Lack of investment keeps unemployment levels astoundingly high
BUSINESS LIVE / 14 FEBRUARY 2018 - 05.45 / SUNITA MENON
A continued lack of fixed investment and low business confidence have kept unemployment levels astoundingly high.
While SA’s unemployment rate improved in the fourth quarter of 2017, based largely on temporary work in the festive season, it stayed stubbornly high at 26.7%.
Picture: THE TIMES
This translated to 5.9-million unemployed people, based on the official definition of unemployment, which includes those who are not employed but are actively looking for jobs.
While the figures show that the number of unemployed people fell by 330,000 quarter-on-quarter, much of this drop came from a 351,000 decline in the size of the labour force and a 102,000 increase in the number of discouraged work seekers.
Despite the "Cyril Ramaphosa effect", which has already caused a rise in business confidence, the issue of unemployment is structural and requires a substantial increase in fixed-investment spending by the private sector.
Stanlib chief economist Kevin Lings said that unemployment could only be resolved meaningfully through a concerted and sustained effort to improve skills development and to encourage private sector fixed-investment spending, business development and entrepreneurship. It rose to 27.7% in the first quarter of 2017, the highest level since 2003‚ and worse than the rates of 23%-24% seen in the financial crises of 2008-09.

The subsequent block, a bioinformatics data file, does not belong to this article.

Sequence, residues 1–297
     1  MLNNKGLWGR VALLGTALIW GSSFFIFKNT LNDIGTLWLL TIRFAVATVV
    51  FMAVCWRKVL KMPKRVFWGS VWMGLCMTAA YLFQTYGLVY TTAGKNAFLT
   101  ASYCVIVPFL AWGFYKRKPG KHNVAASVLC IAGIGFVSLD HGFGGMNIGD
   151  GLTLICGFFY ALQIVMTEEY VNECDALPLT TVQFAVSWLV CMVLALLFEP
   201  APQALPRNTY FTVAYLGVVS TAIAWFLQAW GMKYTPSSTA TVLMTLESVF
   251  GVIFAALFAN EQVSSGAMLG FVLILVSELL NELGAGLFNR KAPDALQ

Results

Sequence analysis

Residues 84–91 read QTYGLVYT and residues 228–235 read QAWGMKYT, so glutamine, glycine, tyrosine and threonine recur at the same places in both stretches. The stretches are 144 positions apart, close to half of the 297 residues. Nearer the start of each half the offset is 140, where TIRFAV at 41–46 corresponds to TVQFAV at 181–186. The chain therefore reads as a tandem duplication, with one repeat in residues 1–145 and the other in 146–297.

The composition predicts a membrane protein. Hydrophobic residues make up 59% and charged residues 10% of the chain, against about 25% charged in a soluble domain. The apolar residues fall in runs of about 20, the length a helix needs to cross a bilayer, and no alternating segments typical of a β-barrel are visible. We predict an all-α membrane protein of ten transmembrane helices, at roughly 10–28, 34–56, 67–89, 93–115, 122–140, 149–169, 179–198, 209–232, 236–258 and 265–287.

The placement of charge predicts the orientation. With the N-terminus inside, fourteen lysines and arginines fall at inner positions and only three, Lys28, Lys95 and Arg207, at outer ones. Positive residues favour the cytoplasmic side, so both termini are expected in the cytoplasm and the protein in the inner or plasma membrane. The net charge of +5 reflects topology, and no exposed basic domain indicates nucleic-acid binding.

Nedbank economist Johannes Khosa said that the outlook for the job market "remains uncertain, but prospects are better".
The improving political landscape coupled with higher global economic growth and commodity prices will support business confidence, Khosa said. "[This] should ultimately encourage fixed-investment activity and employment creation by the private sector."
Despite a projected increase in fixed investment for the private sector, growth of employment in the public sector could be restricted by the need for fiscal consolidation.
The figures from Stats SA showed that the number of jobs declined by nearly 21,000 in the quarter with the private sector slashing 135,000 jobs.
The prospects for job creation remained dim given the current sluggish growth environment and the disconnect between the private sector, the government and unions, Jason Muscat, a senior economic analyst at FNB, said.
Cosatu spokesperson Sizwe Pamla said the government had so far shown no plan to resolve SA’s structural unemployment.
"Our jobs are disappearing as a result of changes in the structure of the economy and also because the available labour does not have skills or education to occupy existing posts," Pamla said.
Without the necessary policy intervention to address growth, youth unemployment and education issues, high unemployment is likely to persist into the foreseeable future, said NKC economist Gerrit van Rooyen.
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